Justice in Cyberwar


  • Klaus-Gerd Giesen Université d’Auvergne




The text aims at providing an ethical framework for cyber warfare. The latter is changing our understanding of war (and peace) as well as the relationship between the human being and the machine. Rejecting Heidegger’s fatalistic stance towards technology it is argued that norms of international justice should be formulated in order to attempt to regulate this new military dimension. The potentially considerable destructive force of cyberweapon systems for civilian infrastructure is emphasized, especially as far as the “Internet of Things” (all physical objects connected to the Internet) is concerned. In a foreseeable future cyberwar operations may kill many civilians. After defining the concept of cyberwar and explainig why it is a new and important moral issue, the paper heavily relies on just war ethics in order to reach norms for justice in cyberwar. It is shown that Immanuel Kant has not just been a philosopher of (perpetual) peace, but (in the Metaphysics of Morals) also a just war theorist who developed his normative framework in a fruitful dialog with Aquinas (against Vitoria and Suarez). His norms for jus ad bellum and jus in bello are carefully and critically applied to cyberwar. However, Kant’s major innovation in just war theory has been the concept of jus post bellum. The paper demonstrates how important this dimension of justice is in cyberwar, and how to apply it, including through recommendations for a treaty in international law.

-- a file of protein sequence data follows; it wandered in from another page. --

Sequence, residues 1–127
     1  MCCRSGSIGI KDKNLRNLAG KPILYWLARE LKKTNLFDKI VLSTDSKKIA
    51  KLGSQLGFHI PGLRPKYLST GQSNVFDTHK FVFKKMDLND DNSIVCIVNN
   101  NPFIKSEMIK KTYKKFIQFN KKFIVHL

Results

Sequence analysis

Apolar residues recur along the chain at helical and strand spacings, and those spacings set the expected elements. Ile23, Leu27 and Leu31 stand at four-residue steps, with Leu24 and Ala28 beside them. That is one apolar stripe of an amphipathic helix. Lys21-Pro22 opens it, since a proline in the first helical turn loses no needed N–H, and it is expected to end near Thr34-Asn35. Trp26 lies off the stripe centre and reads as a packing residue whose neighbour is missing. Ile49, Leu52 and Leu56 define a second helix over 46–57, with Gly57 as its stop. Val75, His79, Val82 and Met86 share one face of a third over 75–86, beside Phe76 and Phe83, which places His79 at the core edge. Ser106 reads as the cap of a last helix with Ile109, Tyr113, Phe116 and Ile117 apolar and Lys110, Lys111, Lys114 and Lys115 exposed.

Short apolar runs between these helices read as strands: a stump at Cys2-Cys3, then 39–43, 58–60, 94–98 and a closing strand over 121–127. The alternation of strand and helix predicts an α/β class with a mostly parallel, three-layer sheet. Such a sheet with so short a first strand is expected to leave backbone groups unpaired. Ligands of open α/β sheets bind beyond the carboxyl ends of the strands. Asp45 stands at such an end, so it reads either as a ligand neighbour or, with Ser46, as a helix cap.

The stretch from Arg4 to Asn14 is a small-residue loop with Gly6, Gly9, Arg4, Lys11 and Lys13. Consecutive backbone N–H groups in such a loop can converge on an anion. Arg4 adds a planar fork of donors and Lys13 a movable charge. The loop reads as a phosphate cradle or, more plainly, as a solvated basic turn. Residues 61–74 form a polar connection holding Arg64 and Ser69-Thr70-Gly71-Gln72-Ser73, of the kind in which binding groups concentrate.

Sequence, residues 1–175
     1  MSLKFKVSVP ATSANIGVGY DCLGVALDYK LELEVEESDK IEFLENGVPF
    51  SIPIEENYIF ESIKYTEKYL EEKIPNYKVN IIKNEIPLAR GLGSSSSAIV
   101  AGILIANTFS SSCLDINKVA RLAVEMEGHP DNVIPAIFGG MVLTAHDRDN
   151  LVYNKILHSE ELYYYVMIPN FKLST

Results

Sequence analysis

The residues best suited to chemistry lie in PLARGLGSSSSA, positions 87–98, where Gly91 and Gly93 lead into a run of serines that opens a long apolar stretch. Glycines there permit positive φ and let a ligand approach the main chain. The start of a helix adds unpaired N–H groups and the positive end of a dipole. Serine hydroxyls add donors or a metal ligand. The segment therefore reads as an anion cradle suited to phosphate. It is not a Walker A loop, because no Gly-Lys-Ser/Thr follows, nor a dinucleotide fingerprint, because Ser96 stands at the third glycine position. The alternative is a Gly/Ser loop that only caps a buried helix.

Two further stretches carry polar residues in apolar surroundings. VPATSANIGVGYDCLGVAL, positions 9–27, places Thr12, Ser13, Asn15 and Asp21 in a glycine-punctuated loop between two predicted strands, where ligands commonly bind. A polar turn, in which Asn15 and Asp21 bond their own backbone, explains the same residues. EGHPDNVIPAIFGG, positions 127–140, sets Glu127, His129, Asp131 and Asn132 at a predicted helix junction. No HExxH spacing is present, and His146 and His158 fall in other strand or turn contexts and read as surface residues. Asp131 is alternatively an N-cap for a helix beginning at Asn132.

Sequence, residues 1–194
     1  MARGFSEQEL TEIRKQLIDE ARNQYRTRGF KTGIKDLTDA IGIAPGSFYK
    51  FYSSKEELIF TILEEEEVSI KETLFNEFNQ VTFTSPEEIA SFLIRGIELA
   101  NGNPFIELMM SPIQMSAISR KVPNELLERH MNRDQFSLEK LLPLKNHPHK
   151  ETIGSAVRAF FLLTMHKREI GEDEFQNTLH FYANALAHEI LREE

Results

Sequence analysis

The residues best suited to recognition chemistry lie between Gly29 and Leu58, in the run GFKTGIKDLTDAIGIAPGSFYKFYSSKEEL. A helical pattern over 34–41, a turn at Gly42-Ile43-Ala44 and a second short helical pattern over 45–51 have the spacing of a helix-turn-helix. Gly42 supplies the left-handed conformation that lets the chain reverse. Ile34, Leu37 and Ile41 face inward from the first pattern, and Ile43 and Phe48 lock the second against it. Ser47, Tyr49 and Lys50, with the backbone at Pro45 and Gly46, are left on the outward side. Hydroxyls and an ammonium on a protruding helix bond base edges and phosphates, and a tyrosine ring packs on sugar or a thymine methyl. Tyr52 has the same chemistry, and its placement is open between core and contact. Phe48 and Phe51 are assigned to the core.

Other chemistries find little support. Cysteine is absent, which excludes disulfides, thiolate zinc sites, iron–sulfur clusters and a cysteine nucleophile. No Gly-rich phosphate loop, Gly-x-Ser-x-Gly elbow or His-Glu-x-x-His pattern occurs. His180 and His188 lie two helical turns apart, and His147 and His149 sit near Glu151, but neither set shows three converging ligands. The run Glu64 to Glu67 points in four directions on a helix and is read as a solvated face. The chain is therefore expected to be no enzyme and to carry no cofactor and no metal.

Biografia do Autor

Klaus-Gerd Giesen, Université d’Auvergne

Klaus-Gerd Giesen is currently professor of political science at the Université d’Auvergne in Clermont-Ferrand, France. He received his doctoral degree from the University of Geneva, Switzerland, and has successively been assistant and instructor at the University of Geneva, “privat-docent” at the University of Lausanne (Switzerland), adjunct professor and professor at the Catholic University of Louvain (Belgium), as well as professor at the University of Leipzig, Germany, where he was for some time director of the Institute of Political Science.